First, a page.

Toptube Size

This leads us to step three: choosing your toptube size. The toptube length is a quick and easy measurement from the center of the bike's headtube to the center of the seattube (shown below). This measurement is used to determine the length of the frame and is listed on the product page of each bike.

Showing the toptube measurement of a BMX bike.

While the length of the bike is personal preference, the chart below is a good rule of thumb to determine what size toptube you should be looking for. The Dan's Comp website allows you to sort through our large inventory of bikes based on toptube size and discipline.

BMX freestyle rider sizing chart.

Once you've narrowed down your selection now the real fun begins, and that's selecting the features that you want on your complete bike. This step is entirely up to you and your budget. As with most things, the more money you spend the more features you will get, but that doesn't necessarily mean you have to spend an arm and a leg. We stand behind every brand that we carry on the Dan's Comp website and even our most inexpensive bikes are going to be of much higher quality and value compared to a department store bike. Every bike we sell list features and specs so you never have to guess what exactly you're buying.

Dan's Comp BMX bike descriptions.

Additional Features and Specs

Let’s go over a few features you may want to consider when purchasing a BMX bike. BMX frames, forks and handlebars are made from four main materials: hi-tensile steel, aluminum, carbon fiber, and 4130 chromoly. Hi-tensile steel is found on both entry-level and smaller complete bikes due to its lower cost and relatively durable construction. For new riders hi-tensile steel is typically strong enough for most situations.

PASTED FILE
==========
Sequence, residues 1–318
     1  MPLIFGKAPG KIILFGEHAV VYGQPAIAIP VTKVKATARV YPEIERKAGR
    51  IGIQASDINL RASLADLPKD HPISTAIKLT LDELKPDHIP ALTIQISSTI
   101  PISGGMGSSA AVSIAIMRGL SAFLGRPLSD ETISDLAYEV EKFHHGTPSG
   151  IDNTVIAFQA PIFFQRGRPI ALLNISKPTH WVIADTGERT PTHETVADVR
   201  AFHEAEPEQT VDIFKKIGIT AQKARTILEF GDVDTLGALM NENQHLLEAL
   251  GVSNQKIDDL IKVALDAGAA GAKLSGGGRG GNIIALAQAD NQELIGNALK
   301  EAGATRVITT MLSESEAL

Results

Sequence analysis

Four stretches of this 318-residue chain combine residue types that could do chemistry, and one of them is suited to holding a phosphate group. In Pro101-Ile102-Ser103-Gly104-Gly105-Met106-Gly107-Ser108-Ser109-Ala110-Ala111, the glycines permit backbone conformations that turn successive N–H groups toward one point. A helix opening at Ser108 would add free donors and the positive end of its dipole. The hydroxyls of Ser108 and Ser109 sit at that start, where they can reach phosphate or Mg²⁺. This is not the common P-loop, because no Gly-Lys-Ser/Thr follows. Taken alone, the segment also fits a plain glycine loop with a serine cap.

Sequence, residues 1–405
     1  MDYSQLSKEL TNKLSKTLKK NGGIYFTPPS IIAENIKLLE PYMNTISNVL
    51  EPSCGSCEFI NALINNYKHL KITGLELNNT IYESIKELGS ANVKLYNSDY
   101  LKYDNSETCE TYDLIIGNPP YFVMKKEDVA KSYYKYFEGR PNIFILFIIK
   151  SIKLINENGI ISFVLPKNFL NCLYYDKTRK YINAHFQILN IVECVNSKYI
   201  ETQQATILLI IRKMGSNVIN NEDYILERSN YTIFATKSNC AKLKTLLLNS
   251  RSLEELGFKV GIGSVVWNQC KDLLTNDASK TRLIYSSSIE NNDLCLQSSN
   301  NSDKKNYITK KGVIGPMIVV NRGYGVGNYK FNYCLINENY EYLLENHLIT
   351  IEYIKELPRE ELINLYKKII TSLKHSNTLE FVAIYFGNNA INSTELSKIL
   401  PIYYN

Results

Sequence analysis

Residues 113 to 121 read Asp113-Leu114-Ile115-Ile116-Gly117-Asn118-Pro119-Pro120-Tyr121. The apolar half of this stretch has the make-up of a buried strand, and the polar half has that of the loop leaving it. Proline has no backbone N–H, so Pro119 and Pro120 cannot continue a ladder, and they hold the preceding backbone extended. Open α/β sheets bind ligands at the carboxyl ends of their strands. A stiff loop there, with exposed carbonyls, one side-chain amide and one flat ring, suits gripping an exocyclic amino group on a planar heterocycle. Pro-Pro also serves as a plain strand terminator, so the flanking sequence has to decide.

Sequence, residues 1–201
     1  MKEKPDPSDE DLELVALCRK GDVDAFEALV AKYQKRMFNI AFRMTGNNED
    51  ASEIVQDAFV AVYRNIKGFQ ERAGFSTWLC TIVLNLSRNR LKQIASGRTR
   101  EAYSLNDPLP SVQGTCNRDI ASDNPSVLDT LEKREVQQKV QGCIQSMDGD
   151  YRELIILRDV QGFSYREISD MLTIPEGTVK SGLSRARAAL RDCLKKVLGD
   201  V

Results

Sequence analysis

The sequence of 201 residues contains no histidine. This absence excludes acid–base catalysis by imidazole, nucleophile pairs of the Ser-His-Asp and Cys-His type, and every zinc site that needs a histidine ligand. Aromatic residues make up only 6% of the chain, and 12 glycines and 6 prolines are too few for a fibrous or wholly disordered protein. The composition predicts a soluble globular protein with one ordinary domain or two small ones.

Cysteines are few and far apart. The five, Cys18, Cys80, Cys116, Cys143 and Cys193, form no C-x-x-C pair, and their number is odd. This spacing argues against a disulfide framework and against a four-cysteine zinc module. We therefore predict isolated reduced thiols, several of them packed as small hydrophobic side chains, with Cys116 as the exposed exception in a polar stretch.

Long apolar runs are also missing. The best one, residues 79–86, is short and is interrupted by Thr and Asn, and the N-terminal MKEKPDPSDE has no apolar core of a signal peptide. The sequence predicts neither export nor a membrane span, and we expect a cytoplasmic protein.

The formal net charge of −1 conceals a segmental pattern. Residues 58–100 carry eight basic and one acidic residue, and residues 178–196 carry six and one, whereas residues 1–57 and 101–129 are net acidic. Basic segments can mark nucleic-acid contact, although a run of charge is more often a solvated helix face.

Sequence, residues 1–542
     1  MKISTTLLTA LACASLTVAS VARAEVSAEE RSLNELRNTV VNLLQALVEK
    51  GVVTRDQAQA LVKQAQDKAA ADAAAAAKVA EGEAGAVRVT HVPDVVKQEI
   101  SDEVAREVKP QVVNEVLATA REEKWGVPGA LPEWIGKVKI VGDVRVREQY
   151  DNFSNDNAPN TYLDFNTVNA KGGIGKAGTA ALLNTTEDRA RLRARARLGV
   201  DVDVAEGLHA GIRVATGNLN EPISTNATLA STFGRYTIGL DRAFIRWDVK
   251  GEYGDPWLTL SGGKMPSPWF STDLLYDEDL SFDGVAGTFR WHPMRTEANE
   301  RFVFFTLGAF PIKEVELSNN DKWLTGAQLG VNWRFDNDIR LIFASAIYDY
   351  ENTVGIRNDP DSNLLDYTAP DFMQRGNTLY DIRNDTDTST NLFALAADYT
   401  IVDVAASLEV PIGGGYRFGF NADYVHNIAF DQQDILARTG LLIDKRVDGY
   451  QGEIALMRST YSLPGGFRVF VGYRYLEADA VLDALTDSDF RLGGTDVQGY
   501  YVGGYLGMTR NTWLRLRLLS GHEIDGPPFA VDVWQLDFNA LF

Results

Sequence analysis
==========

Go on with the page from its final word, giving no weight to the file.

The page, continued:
Stepping up from hi-tensile steel is 4130 chromoly tubing. Chromoly is king when it comes to freestyle bikes due to its high strength and extreme durability. If you're an experienced rider or you like to go big, you may want to opt for a bike that includes as much chromoly as possible in the frame, fork and handlebars. If not, you can always upgrade later on if necessary.

Both aluminum and carbon fiber can be found on purpose-built race bikes due to their low weight and rigid construction. While aluminum is by far the most common material used in racing, some top-of-the-line race bikes do include carbon fiber frames, forks and handlebars. Carbon fiber has several benefits over aluminum including less weight and increased rigidity, but with a much higher price tag. While both materials are very strong in their own right, they are not ideal for adult size freestyle bikes.

Sealed bearings are another feature you may want to consider. Sealed bearings in the bottom bracket, headset and wheels will help extend the longevity of your components and will provide a smoother ride. Finally, look for additional features that some bikes may include such as pegs, hub guards, a sprocket guard or even a freecoaster. If these features interest you, purchasing a bike that includes these from the factory will help ensure you get the most for you dollar, and save you money in the long run.

We are here to help! If you have any questions at all, please contact our customer service department and we will be more than happy to help in your purchasing decisions.